On the microbial front, Jethro Johnson from The Jackson Laboratory for Genomic Medicine gave a talk on full-length 16S rRNA sequencing, which is useful for taxa identification. By genotyping or using short-read data, Johnson said, so much of the information in the variable regions of 16S is missed that it often is impossible to accurately classify organisms. So, Johnson turned to SMRT Sequencing and circular consensus sequencing (CCS), which generates highly accurate long reads. Johnson applied CCS for a mock bacterial community of 36 species and found that SMRT Sequencing offered accurate results for identification. In studies of fecal samples, PacBio sequencing was able to provide a unique identification in cases where short-read sequencing generated ambiguous results. The team is now expanding SMRT Sequencing results to include internal transcribed spacer regions.
In a separate presentation, Phillip Tai from the University of Massachusetts Medical School highlighted the use of long-read sequencing for genome population sequencing of adeno-associated viruses. These harmless viruses have gained new interest recently as a vector for gene therapies, so Tai’s lab is interested in analyzing large groups of them to filter out any that would not be ideal vectors. By applying SMRT Sequencing to recombinant AAVs, they generate complete resolution of the vector genome, including the difficult-to-sequence inverted terminal repeats. This accomplishment could have tremendous value in the gene therapy field, he said.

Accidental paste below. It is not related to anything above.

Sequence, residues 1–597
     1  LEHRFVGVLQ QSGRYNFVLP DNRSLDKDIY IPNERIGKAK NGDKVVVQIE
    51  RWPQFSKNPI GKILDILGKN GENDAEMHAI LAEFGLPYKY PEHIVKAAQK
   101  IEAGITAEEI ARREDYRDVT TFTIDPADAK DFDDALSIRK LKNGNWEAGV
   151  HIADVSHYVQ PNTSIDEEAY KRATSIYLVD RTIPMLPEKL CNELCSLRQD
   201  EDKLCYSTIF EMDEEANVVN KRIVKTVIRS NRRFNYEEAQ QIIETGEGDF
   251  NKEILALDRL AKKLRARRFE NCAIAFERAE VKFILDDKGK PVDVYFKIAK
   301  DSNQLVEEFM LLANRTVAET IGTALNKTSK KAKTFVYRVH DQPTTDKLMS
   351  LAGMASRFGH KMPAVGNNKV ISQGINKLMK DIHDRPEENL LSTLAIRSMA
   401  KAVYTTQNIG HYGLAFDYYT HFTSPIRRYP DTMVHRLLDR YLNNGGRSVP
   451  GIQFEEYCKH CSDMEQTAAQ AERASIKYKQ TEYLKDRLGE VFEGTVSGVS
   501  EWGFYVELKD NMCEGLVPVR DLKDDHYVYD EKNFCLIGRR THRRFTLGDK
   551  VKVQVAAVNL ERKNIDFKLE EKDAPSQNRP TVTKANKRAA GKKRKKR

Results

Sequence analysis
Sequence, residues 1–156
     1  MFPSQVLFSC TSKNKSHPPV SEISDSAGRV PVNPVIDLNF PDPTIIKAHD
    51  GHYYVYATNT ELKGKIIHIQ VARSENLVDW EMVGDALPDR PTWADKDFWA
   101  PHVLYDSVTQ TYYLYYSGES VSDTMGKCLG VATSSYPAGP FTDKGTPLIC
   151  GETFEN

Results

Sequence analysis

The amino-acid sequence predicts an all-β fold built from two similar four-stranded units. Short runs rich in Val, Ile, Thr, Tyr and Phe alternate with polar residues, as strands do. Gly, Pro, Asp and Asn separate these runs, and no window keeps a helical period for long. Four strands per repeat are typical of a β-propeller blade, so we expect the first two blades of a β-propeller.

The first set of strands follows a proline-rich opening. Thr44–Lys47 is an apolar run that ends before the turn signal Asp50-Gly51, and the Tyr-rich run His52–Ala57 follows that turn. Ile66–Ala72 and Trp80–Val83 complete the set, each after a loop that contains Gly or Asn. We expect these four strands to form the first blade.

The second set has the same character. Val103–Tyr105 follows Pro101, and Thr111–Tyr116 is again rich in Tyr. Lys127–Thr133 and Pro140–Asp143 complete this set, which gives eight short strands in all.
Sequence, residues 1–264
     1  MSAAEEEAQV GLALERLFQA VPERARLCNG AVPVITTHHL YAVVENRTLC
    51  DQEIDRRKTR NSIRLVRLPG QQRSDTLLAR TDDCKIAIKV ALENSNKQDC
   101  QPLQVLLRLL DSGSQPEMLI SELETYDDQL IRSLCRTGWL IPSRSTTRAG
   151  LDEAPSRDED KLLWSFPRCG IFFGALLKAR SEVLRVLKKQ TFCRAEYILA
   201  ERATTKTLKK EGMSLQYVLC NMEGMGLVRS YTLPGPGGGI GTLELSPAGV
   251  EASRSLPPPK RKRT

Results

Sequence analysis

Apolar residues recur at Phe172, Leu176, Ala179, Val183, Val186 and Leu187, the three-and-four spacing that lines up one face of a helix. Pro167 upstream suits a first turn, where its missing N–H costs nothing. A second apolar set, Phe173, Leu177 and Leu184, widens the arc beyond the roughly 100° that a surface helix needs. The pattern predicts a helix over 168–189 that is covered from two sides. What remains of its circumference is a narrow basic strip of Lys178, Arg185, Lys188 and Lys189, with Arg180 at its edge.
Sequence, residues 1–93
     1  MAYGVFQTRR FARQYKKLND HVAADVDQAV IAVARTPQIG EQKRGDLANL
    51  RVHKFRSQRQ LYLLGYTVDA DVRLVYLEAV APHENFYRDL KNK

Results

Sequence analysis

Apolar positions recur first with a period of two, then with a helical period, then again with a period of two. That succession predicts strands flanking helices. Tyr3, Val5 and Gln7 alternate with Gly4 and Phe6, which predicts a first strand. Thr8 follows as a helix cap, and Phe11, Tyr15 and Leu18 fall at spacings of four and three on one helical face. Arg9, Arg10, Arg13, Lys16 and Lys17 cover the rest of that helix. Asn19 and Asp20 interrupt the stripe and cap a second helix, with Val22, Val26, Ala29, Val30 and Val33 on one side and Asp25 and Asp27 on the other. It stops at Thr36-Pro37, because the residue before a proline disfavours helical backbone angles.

The meeting also included some new tools and protocols from the community. New England Biolabs’ Bo Yan presented SMRT-cappable-seq, a method for characterizing operons across an entire bacterial genome. It involves capping the 5’ end of bacterial primary transcripts and using SMRT Sequencing to produce full-length transcripts. Yan said the protocol increases library prep efficiency and accurately defines and links the transcription start site and transcription termination site (something short reads cannot do). A validation project in E. coli revealed 840 novel operons, extending 40% of annotated operons in RegulonDB. In another talk, Manuel Tardaguila from the University of Florida discussed SQANTI, a new tool to perform quality control for long-read transcripts. The pipeline performs classification, curation, and quantification of transcripts to filter out any artifacts and ensure that scientists analyze only the highest-quality results. SQANTI incorporates PacBio data, a reference genome, and other resources to conduct its rigorous evaluation.
We’d like to thank our hosts for the meeting, the Genomics Resource Center, Institute for Genome Sciences at the University of Maryland, as well as our partners: Advanced Analytical Technologies, Diagenode, and Sage Science. And, of course, thanks to all the scientists who took time out of their busy schedules to make this event a success!